Building Regulations Principal Designer – FAQs

October 13, 2023


Building Regulations Principal Designer - FAQs

How is competency demonstrated for the Building Regulations Principal Designer (BRPD) role?

The minimum competencies for the Building Regulations Principal Designer role are detailed in the PAS 8671, and include:

  • The ability to plan, manage monitor design work, and cooperate, coordinate and communicate to ensure the design work, if built, complies with building regulations.
  • The BRPD is currently expected to be part of the design team and not a third-party without any influence over design decisions.
  • The BRPD should be able to co-ordinate the design team.
  • A BRPD is not expected to be an expert in every design specialism, but they are expected to know enough about the building regulations to assess whether a building design will comply with all relevant regulations.
  • BRPDs should support others, for example, in being able to pass on necessary information to contractors and explain to them how to demonstrate that elements are built properly.

Can the contractor take on the BRPD role?

Yes, as long as they can demonstrate competence as detailed in PAS 8671, anyone can take on any duty holder role, and more than one role.

Can the BRPD role be consulted out?

The duty must always stay with the directly appointed dutyholder, but you can have a contract with others to advise you, as long as the person appointed has the relevant skills, knowledge and experience.

Can Harwood do it?

It is expected that the Lead Designer in control of the design coordination takes on the dutyholder role.

However, there is likely to be an industry requirement for third parties, such as Harwood, to take on the dutyholder role.* This can only happen if there is a Lead Designer to coordinate design and the third party are empowered to have control to discharge the duties of the BRPD, working closely alongside the Lead Designer.

*In order to remain impartial, should Harwood be providing building control services, they would not also be able to undertake the dutyholder role, or vice versa.

Who is the PAP?

The Principal Accountable Person (PAP) is ultimately the person who owns the structure and exterior of the building, or the person responsible for maintaining the common areas of the building when there is more than one Accountable Person (AP).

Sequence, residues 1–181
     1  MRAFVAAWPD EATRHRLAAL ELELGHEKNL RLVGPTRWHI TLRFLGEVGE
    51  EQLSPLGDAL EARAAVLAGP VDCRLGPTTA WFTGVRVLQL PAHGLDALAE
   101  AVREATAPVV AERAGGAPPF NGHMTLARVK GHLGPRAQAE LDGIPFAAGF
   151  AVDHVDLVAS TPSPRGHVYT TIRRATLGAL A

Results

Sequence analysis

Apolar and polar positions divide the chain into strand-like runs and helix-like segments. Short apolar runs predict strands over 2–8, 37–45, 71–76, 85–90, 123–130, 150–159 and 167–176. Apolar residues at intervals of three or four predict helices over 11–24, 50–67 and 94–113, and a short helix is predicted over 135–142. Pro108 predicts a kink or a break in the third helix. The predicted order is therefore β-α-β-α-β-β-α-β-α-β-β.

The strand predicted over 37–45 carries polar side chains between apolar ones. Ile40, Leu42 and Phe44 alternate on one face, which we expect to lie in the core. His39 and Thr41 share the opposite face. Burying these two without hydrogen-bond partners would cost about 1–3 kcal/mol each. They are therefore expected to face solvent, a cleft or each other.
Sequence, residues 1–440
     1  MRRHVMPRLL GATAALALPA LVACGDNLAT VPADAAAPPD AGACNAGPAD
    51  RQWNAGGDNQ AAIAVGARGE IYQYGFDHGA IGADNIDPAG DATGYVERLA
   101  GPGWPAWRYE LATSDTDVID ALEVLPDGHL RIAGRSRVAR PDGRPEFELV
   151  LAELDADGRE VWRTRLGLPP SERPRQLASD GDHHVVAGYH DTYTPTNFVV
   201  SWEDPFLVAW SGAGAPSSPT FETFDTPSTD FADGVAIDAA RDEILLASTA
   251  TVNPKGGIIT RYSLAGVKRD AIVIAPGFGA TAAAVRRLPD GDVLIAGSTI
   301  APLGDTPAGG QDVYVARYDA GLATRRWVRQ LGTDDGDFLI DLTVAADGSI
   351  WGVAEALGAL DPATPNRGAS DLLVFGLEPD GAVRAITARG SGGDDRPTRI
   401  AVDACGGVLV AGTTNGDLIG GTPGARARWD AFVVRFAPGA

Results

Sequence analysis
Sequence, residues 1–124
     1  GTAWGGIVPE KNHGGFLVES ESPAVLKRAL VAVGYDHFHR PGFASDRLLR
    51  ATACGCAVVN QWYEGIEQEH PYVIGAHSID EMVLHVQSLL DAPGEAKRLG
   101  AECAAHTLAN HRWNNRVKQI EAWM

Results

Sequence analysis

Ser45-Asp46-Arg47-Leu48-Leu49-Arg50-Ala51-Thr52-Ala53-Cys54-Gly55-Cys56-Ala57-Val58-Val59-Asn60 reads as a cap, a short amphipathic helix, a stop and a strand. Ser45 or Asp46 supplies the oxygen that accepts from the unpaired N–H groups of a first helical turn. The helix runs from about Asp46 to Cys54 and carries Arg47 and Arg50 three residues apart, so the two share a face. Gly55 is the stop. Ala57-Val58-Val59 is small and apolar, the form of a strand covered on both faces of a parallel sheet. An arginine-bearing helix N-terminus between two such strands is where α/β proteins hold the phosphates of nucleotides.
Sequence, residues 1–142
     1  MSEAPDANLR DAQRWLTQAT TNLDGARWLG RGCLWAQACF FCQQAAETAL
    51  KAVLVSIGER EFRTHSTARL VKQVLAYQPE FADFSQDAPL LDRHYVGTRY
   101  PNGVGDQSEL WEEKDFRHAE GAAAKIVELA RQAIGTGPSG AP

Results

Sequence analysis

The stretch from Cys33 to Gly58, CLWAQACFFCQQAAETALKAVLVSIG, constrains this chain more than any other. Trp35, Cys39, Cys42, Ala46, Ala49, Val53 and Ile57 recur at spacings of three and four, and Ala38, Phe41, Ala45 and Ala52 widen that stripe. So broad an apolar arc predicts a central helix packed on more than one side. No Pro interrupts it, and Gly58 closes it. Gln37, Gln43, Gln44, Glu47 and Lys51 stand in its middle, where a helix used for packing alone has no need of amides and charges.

Who appoints the BRPD and PC?

The person commissioning the work (the client dutyholder) is responsible for appointing the BRPD.

Is a BRPD different to the experience/qualifications an existing CDM PD needs?

Yes. The functions of a CDM PD relate to Health and Safety and making sure buildings/structures are safe for people who use, clean, maintain and build (demolish) them – all structures. BRPD functions relate to the “material functions” of building regulations, the finished building and only where building regulations apply. If competent, one person or organisation can cover both dutyholder roles.

Is it possible to have a CDM PD and a BRPD on the same project?

Yes, it is possible, as long as they are competent, and they have the insurance (PII). This may become common on more complex projects, where there will be a PD for CDM working alongside a PD for Building Regulations.

Do these new roles only apply to higher-risk buildings (HRBs)?

No. From 1st October 2023, the new responsibilities apply to all construction projects where building regulations apply – where there is a submission for building regulations control – including domestic projects. A BRPD is required where there is more than one contractor, a Principal Contractor.

If you have any specific questions about how the new legislation will impact the way you work or projects that are in the pipeline, please get in touch via